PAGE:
Boyd’s Bible Dictionary:

Concise Bible Dictionary:

The anchors used by the ancients were in shape somewhat like the modern ones, as may be seen on some of the coins. When Paul was on his way to Rome, four anchors were needed to hold the ship (Acts 27:29-30,4029Then fearing lest we should have fallen upon rocks, they cast four anchors out of the stern, and wished for the day. 30And as the shipmen were about to flee out of the ship, when they had let down the boat into the sea, under color as though they would have cast anchors out of the foreship, (Acts 27:29‑30)
40And when they had taken up the anchors, they committed themselves unto the sea, and loosed the rudder bands, and hoised up the mainsail to the wind, and made toward shore. (Acts 27:40)
). The anchor is used metaphorically for the hope set before the Christian; it enters into that within the veil, and is sure and steadfast. It was a great thing for the Hebrew believers to have their eyes turned to heaven; the anchor of their hope was there; no matter what storms they might meet with, the realization of their hope was certain if set on Christ (Heb. 6:1919Which hope we have as an anchor of the soul, both sure and stedfast, and which entereth into that within the veil; (Hebrews 6:19)).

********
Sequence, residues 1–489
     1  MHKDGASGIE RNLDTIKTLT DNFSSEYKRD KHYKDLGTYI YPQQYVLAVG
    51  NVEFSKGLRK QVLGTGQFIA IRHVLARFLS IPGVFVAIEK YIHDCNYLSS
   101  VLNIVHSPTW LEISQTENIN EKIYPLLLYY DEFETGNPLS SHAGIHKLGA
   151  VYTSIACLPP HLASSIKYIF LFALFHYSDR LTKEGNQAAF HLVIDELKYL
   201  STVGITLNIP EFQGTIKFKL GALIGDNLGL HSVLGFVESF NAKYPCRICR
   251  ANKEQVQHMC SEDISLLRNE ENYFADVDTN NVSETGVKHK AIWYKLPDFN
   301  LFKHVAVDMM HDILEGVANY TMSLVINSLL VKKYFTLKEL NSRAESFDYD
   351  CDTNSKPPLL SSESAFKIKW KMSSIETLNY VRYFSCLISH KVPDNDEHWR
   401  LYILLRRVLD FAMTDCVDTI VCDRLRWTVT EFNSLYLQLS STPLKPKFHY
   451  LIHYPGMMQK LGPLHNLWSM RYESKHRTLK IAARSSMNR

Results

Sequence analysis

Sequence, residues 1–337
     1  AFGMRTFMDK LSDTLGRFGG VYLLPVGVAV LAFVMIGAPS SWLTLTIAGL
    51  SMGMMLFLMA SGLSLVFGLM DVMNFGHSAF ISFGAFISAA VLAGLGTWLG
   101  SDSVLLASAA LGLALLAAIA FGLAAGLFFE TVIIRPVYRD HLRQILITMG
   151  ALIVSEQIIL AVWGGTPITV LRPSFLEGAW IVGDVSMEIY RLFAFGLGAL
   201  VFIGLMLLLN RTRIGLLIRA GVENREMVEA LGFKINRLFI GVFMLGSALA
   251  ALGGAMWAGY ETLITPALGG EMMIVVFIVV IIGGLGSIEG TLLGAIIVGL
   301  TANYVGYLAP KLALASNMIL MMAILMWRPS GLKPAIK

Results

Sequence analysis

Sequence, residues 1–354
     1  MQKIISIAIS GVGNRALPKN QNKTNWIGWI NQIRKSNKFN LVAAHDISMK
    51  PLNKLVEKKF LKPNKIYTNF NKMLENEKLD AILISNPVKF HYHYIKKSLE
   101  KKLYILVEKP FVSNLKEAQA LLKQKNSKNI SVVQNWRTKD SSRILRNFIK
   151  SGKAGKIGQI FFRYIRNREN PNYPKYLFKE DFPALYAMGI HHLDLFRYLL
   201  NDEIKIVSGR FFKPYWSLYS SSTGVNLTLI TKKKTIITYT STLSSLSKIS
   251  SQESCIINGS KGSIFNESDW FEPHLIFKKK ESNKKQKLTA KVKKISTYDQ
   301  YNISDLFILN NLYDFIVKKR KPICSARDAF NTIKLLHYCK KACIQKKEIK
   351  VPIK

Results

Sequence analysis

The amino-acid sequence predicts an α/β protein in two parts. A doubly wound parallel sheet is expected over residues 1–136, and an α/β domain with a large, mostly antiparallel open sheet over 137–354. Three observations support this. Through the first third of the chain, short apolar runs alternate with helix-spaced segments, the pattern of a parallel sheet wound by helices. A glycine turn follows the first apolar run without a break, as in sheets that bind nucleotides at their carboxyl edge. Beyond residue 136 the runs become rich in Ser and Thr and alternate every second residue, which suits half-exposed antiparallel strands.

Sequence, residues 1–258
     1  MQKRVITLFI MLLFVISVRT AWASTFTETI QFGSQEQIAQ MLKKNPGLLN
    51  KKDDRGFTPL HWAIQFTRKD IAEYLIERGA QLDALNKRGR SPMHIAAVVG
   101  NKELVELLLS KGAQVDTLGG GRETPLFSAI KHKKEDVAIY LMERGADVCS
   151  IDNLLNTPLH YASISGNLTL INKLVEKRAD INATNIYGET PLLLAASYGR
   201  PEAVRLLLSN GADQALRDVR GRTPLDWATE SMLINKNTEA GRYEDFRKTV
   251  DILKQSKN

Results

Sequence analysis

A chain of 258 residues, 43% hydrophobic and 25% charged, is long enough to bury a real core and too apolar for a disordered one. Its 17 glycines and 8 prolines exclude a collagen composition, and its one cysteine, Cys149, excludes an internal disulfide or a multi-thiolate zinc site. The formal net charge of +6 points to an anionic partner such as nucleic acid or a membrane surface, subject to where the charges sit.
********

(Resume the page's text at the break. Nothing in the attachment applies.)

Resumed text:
Strong’s Dictionary of Greek Words:

from the same as 43; an "anchor" (as crooked)
KJV Usage:

From Manners and Customs of the Bible:

Ancient vessels had not so heavy anchors as ours, and therefore carried more.
It was customary to anchor ancient ships by the stern, though they were sometimes anchored at the bow. The anchors were carried in the skiff to a suitable distance from the vessel and there dropped. In modern times ships of-war in action have sometimes been anchored from the stern. Lord Nelson pursued this plan at the battle of the Nile, and at the battle of Copenhagen. See the account in Alison, History of Europe, (Edition, Harper) vol.1, p. 513; vol. 2, p. 154.

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